A former police detective who has admitted to stealing and selling drugs has been cleared of involvement in the killing of an informant, prosecutors said yesterday.
The detective, Julio C. Vasquez, has been under investigation for more than two years in connection with the killing of the informant, Miguel Peralta.
Mr. Peralta was found shot dead in a car in the Bronx on Nov. 25, 2003. The day after the killing, Mr. Vasquez and his former partner, Thomas Rachko, who was retired, were caught on videotape robbing a drug courier of $169,000 in an apparently unrelated incident. Both men were arrested, and Mr. Vasquez resigned from the Police Department.
The videotaped robbery led to a broad corruption inquiry by federal and local law enforcement agencies, the largest in a decade since the so-called Dirty 30 case of police crime in the 30th Precinct, and produced internal hearings and criminal charges. Mr. Vasquez and Mr. Rachko pleaded guilty to a federal conspiracy charge. Mr. Rachko is scheduled for sentencing Oct. 13.
At a hearing in Federal District Court in Brooklyn yesterday, Judge Carol B. Amon set a tentative sentencing date of Sept. 22 for Mr. Vasquez, but his case has become complicated by his involvement in internal police investigations.
The department has requested Mr. Vasquez’s testimony in an unrelated administrative proceeding against another detective, Eric Wolfe, said Eric Franz, a lawyer for Mr. Vasquez. But before Mr. Vasquez agrees to testify, Mr. Franz said, he is seeking an immunity agreement from the Manhattan district attorney’s office.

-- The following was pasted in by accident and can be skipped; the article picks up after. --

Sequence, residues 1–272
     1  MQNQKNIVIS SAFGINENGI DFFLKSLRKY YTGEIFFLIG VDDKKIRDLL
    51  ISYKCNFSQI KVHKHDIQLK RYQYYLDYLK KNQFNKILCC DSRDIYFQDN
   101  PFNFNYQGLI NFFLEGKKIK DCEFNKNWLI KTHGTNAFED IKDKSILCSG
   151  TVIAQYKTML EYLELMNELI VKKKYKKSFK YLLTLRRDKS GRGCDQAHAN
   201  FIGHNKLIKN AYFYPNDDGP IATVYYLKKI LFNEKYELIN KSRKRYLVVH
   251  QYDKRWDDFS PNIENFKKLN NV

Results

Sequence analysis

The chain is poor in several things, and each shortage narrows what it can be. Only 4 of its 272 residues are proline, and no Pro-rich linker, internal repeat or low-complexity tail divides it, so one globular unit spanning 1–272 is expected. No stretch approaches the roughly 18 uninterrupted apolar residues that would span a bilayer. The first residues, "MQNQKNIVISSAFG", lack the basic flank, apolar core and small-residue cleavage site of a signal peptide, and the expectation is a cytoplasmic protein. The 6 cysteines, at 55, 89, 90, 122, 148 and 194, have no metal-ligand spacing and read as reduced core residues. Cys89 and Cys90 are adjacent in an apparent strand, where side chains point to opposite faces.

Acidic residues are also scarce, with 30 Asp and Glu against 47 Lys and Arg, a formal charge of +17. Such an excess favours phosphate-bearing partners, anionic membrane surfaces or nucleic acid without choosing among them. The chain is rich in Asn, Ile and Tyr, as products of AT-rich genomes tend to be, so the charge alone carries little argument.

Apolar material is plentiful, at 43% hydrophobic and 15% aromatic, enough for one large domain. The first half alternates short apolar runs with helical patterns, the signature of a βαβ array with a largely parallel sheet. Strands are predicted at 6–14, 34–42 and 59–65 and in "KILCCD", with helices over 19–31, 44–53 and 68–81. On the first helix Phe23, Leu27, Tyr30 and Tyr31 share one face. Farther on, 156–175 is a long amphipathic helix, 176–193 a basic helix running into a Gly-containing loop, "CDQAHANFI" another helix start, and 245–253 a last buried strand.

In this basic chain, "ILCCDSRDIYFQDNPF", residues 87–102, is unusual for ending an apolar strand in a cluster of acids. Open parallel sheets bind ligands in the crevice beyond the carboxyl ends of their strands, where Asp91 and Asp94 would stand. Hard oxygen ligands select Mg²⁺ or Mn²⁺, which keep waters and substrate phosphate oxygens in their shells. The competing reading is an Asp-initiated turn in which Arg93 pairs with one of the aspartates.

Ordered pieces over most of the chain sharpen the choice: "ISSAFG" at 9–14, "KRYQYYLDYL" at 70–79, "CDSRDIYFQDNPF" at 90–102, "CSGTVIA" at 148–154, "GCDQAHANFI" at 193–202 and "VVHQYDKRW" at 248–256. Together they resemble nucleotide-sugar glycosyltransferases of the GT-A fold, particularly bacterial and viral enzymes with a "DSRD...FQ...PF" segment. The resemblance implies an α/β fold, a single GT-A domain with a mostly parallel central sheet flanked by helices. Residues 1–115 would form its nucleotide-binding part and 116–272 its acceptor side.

Judge Amon indicated that if Mr. Vasquez agreed to testify in that case, she would delay his sentencing. Under the complex federal sentencing guidelines, cooperation with law enforcement agencies can reduce a prison term.
Prosecutors said in court yesterday that they intend to provide what is known as a 5K letter, called such for its designation in sentencing guidelines, to inform the judge about Mr. Vasquez’s cooperation with federal investigators. The letter empowers the court to reduce the defendant’s sentence. In agreeing to provide the letter, prosecutors indicated that Mr. Vasquez had been cleared of involvement in the homicide.
Adam Abensohn, an assistant United States attorney, said a witness the prosecution had expected to provide information connecting Mr. Vasquez to the killing was unable to provide such information.
Judge Amon asked Mr. Abensohn if he was sufficiently convinced that Mr. Vasquez was not involved in the killing to submit the letter.
“We can’t say conclusively that someone else did it,” Mr. Abensohn said, adding that he could not “prove a negative.”
But, Mr. Abensohn told Judge Amon he would submit the 5K letter.
Outside the courtroom, Mr. Vasquez’s lawyer said his client was pleased.
“He has always been adamant that he had no involvement in this homicide,” Mr. Franz said, adding that his client has “provided information on criminal acts by other police officers.”